Access to justice remains a problem across the United States. The civil legal needs of roughly 80% of low-income and 60-70% of middle-income people are not being met. However, to combat this concern many lawyers are doing their part by providing pro bono service, even those who are not actively practicing.
Last week, the Ohio Supreme Court implemented a new attorney emeritus status, allowing non-active attorneys to engage in limited legal practice to provide pro bono service. Ohio joins several jurisdictions, including our own Illinois, in making this change.
The recent change made a number of amendments to the Ohio Supreme Court Rules for the Government of the Bar Rule VI, Section 8.
According to the rule, to be eligible for the emeritus pro bono status, a lawyer must be admitted to practice law in Ohio, have been engaged in the practice of law for at least fifteen years, and be in good standing with the courts.
Under the emeritus status, an attorney must work on behalf of a “pro bono organization” which includes, a law school clinic, legal aid, public defender’s office, and any other number of legal services organizations listed in or recognized by Gov. Bar R. X, Section 5H under the supervision of an active-status attorney.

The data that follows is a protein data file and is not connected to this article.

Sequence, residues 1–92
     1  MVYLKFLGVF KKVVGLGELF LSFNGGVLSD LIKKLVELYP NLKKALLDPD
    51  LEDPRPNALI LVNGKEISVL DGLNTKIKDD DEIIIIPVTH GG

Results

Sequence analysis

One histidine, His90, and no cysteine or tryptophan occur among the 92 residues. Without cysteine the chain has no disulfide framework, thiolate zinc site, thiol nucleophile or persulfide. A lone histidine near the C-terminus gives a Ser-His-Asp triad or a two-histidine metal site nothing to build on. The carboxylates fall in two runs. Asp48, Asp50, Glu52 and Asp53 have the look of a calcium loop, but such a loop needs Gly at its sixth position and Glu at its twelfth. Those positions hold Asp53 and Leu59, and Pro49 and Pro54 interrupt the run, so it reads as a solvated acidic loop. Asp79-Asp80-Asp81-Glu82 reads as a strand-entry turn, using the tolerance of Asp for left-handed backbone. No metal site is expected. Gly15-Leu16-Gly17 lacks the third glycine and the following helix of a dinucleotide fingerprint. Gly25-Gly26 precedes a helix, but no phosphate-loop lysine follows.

The work he/she may provide includes appearing before any court/administrative board/agency on behalf of a client of the pro bono organization, routine legal services, and a number of other activities necessary for a legal matter in which the attorney is involved.
To register for attorney emeritus pro bono status, he/she must file an application biennially with the Office of Attorney Services of the Supreme Court, paying a fee of $75.
As far as compensation goes, a lawyer with emeritus pro bono status may not receive any form of payment, but he/she may be reimbursed by his or her pro bono organization for expenses incurred in connection with the services rendered.
The rule will officially go into effect on September 15, 2016.